Harry Dunn’s parents’ High Court battle against the Foreign Office, which they claim unlawfully obstructed the police investigation into their son’s death, is due to begin on Wednesday.
Mr Dunn, 19, was killed when his motorbike crashed into a car being driven on the wrong side of the road by American Anne Sacoolas outside RAF Croughton in Northamptonshire on August 27 last year.
Sacoolas, whose husband Jonathan Sacoolas worked as a technical assistant at the base, left the country a few weeks later after the US asserted she was entitled to diplomatic immunity.
The 43-year-old was ultimately charged with causing death by dangerous driving last December, but an extradition request was rejected by the US State Department in January this year – a decision it later described as “final”.
Mr Dunn’s parents, Charlotte Charles and Tim Dunn, claim the Foreign, Commonwealth and Development Office (FCDO) wrongly decided Sacoolas had diplomatic immunity and unlawfully obstructed Northamptonshire Police’s investigation into their son’s death.
At a two-day remote High Court hearing, their lawyers will argue the FCDO was wrong to conclude that Sacoolas had diplomatic immunity on the basis of what they have described as a “secret agreement” with the US embassy made in 1995.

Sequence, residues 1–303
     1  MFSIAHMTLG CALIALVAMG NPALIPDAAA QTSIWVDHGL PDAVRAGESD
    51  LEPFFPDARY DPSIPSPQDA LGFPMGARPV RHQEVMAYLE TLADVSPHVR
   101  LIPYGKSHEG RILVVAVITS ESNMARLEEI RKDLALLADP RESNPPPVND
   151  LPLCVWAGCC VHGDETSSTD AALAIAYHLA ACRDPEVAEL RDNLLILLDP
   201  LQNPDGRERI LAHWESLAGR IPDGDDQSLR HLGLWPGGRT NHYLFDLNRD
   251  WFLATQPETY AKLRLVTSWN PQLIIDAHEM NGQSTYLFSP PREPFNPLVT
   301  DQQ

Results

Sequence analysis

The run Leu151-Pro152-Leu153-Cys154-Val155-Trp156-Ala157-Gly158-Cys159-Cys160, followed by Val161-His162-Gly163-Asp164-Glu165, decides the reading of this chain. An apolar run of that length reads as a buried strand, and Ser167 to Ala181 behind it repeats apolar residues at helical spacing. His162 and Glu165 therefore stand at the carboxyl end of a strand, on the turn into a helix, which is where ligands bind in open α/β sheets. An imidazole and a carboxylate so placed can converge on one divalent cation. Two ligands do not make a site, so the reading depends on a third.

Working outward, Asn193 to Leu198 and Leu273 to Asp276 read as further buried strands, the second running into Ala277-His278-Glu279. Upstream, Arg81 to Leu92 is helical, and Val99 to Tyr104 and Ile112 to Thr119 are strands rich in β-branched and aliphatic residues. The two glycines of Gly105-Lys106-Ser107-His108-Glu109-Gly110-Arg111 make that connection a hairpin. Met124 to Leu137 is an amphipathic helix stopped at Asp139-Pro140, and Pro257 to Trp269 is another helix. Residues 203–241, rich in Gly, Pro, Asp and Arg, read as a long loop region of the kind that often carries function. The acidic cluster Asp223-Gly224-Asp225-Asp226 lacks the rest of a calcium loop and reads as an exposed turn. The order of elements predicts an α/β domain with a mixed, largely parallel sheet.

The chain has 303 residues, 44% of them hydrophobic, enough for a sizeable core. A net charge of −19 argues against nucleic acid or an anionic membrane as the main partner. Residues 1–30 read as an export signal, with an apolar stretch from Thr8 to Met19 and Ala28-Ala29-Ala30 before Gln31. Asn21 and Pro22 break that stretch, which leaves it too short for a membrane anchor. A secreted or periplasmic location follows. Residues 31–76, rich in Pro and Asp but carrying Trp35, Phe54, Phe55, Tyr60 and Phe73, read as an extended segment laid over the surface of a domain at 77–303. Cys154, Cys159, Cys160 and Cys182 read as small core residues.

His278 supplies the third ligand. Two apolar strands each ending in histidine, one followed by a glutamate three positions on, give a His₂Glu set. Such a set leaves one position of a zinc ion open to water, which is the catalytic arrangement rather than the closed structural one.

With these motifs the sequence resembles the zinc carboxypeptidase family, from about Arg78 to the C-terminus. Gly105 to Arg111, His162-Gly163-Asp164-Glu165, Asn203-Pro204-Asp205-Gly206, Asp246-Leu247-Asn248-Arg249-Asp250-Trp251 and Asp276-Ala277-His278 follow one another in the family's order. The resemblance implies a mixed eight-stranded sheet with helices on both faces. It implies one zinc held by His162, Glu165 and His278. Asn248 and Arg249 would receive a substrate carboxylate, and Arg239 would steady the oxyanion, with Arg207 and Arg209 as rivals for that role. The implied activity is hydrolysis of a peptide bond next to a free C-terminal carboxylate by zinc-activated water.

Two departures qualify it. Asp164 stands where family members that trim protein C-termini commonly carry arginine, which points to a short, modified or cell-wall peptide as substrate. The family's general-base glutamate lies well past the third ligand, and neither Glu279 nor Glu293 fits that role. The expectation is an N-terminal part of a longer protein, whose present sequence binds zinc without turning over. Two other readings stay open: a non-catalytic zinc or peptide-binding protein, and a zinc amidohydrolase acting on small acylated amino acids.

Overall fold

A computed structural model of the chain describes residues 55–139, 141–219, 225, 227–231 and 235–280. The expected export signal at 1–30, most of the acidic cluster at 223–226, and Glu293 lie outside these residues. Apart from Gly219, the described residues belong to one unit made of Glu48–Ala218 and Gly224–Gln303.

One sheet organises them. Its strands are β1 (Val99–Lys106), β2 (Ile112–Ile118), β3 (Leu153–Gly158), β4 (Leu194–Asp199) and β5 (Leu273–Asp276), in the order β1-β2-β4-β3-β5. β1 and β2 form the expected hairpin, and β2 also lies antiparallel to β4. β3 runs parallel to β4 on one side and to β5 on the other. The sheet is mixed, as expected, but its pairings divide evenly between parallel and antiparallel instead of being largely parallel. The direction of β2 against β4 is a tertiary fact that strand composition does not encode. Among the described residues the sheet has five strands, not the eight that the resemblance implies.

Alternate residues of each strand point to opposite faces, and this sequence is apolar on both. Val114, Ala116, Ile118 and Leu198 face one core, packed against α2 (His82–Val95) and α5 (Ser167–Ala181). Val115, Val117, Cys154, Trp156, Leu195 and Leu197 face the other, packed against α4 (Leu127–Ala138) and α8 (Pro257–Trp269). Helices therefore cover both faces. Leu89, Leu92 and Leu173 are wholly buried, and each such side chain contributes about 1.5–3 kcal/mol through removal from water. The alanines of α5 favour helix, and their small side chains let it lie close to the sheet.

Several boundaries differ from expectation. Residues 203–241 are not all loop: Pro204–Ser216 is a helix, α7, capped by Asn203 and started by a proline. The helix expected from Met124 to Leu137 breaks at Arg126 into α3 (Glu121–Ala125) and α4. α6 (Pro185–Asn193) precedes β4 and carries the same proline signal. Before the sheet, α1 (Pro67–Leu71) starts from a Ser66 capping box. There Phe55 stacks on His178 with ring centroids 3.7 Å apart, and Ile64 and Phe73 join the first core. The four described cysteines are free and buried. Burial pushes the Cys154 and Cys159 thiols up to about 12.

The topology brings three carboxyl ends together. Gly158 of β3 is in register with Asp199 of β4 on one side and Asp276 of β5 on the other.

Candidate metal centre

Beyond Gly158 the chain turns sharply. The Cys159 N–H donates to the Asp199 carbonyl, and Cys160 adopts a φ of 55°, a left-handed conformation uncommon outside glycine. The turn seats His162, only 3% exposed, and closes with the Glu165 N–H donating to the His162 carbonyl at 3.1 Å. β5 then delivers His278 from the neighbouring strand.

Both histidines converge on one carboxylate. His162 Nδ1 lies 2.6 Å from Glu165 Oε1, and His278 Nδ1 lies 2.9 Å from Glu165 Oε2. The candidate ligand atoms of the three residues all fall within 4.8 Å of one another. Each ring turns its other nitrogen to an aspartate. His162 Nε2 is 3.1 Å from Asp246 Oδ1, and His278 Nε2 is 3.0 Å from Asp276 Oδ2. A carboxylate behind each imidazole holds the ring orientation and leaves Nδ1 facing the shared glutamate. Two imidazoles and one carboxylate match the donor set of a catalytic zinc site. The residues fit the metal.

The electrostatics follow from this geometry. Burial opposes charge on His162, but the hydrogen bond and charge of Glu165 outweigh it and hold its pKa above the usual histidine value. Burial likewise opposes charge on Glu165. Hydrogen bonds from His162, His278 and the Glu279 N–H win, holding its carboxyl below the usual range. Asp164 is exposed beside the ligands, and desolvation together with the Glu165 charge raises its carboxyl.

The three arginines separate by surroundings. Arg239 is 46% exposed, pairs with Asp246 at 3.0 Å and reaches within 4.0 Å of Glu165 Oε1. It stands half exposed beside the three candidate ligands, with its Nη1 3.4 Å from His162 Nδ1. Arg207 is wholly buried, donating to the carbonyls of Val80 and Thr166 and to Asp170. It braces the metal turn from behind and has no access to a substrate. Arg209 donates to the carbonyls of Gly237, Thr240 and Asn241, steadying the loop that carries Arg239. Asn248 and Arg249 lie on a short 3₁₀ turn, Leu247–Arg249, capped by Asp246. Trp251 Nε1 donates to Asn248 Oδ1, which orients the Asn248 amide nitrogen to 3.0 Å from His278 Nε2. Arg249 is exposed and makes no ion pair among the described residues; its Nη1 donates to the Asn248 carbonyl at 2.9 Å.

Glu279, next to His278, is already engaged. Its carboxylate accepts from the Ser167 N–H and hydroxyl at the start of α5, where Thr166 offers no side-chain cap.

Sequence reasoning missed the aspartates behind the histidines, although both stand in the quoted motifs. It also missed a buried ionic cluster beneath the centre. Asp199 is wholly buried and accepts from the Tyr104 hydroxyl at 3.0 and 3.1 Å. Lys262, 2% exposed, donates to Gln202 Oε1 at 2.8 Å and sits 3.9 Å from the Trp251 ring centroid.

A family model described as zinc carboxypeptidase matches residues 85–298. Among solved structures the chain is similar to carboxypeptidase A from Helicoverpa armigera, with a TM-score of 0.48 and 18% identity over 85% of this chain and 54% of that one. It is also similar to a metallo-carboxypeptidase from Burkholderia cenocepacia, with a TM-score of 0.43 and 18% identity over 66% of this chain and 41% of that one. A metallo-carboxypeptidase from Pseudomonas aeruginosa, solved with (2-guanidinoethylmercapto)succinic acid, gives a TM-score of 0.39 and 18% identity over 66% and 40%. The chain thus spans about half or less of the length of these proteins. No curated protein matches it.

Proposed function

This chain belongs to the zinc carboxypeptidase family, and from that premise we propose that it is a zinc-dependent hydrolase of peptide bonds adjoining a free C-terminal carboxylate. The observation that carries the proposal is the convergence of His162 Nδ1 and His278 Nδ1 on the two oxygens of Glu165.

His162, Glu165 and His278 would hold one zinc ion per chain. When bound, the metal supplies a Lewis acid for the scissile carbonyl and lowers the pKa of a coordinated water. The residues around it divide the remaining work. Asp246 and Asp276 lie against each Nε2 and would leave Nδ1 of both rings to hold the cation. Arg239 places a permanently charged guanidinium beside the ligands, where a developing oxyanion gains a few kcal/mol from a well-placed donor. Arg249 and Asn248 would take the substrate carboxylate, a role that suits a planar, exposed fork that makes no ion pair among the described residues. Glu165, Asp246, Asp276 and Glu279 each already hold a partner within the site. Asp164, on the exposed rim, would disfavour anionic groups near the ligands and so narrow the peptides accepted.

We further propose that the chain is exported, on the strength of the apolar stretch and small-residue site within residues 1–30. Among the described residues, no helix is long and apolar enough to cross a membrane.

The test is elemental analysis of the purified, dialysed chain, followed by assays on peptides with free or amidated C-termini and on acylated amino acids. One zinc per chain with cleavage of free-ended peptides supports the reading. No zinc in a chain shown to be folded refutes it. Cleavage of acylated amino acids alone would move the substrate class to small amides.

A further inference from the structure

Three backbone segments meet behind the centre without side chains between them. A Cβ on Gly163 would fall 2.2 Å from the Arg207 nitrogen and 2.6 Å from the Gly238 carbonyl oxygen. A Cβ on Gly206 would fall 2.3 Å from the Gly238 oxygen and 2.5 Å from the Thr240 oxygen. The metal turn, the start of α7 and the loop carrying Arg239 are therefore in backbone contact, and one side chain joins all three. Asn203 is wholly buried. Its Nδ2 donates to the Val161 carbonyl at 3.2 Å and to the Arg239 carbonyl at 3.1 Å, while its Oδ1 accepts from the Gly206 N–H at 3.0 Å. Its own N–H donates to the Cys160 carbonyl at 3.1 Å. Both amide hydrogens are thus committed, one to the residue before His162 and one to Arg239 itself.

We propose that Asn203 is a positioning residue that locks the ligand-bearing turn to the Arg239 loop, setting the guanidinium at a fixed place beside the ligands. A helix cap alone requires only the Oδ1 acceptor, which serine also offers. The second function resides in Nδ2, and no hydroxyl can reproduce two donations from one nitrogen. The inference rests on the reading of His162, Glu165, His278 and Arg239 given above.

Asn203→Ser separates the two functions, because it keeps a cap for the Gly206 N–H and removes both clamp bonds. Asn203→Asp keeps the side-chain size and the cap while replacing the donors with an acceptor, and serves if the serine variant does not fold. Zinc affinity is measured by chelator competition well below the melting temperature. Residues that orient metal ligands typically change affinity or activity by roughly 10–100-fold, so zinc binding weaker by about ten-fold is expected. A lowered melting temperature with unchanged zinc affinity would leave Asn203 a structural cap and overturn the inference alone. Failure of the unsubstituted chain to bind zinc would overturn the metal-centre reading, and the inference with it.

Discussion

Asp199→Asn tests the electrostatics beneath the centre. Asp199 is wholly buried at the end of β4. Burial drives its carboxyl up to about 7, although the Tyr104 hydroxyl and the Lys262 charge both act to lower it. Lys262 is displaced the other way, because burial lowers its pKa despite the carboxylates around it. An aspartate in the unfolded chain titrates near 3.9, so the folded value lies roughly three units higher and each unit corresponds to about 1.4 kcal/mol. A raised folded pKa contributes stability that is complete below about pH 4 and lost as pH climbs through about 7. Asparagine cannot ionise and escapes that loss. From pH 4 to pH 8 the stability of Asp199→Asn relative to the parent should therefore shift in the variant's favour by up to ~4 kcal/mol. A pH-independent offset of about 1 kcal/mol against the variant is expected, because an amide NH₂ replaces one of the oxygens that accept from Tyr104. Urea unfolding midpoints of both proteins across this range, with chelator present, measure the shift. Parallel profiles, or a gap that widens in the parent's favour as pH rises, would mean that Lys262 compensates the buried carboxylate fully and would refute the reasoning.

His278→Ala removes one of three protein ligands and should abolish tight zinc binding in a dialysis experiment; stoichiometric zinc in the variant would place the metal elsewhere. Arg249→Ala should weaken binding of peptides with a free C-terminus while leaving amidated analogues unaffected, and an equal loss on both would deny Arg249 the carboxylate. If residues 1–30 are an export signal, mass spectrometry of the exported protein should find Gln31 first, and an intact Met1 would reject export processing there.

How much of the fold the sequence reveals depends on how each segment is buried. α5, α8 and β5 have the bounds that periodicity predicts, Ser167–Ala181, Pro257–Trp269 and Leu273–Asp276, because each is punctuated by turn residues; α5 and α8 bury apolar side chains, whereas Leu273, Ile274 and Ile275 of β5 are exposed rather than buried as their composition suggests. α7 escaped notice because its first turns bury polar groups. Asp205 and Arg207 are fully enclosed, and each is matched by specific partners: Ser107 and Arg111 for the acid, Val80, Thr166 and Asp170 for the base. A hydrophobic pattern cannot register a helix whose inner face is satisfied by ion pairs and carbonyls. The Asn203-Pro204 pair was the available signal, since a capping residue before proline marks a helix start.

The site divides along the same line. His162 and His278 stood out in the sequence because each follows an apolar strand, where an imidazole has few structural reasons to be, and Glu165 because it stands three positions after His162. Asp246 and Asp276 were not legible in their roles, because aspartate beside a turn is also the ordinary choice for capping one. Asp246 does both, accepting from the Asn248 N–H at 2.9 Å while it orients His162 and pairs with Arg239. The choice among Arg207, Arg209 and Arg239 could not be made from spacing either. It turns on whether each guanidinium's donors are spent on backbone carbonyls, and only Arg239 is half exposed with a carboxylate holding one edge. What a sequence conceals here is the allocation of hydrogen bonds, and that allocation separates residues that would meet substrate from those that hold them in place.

More than two decades ago, the US asked to expand the number of staff at RAF Croughton who would effectively be given diplomatic immunity.
The UK agreed but asked the Americans to waive the immunity of all “administrative and technical staff” at the base in relation to “acts performed outside the course of their duties”, which the FCDO accepted.
However, the FCDO argues the waiver of immunity only applied to staff at RAF Croughton at the time of Mr Dunn’s death and not their family members – meaning Sacoolas did have diplomatic immunity at the time of the crash.
At a preliminary hearing in June, the High Court heard that a Foreign Office official raised concerns over the potential for a car crash involving a diplomatic immunity claim 25 years before Mr Dunn’s death.
A briefing note sent to Sir Tony Baldry, then a junior minister, in May 1995 said that “an accident involving the claim of immunity could make the local if not national headlines”.
Ms Charles told the PA news agency at the time that the note which “prophesied” her son’s death had left the family “beyond angry”.
In July, Foreign Secretary Dominic Raab announced that “the US waiver of immunity from criminal jurisdiction is now expressly extended to the family members of US staff” at the base, “ending the anomaly in the previous arrangements”.
Ms Charles told PA that the move was a “huge step forward”, but added: “We’ve still got a long way to go – we’ve still got to get Anne Sacoolas back.”
Ms Charles and Mr Dunn initially also took legal action against Northamptonshire Police, but that claim was dropped in July, with the family’s spokesman saying the force had been “absolved of any blame”.
Speaking before the hearing on Wednesday, Ms Charles told PA the family was “confident” but also “naturally apprehensive”.
She added: “We’re still trying to get through every day. We’re still having to force ourselves to get out of bed every morning. We’re still trying to put one foot in front of another.
“One day, one day we will get that time to sit and reflect.”
The hearing before Lord Justice Flaux and Mr Justice Saini, which is being conducted remotely, is due to start at 10.30am and is expected to last two days.
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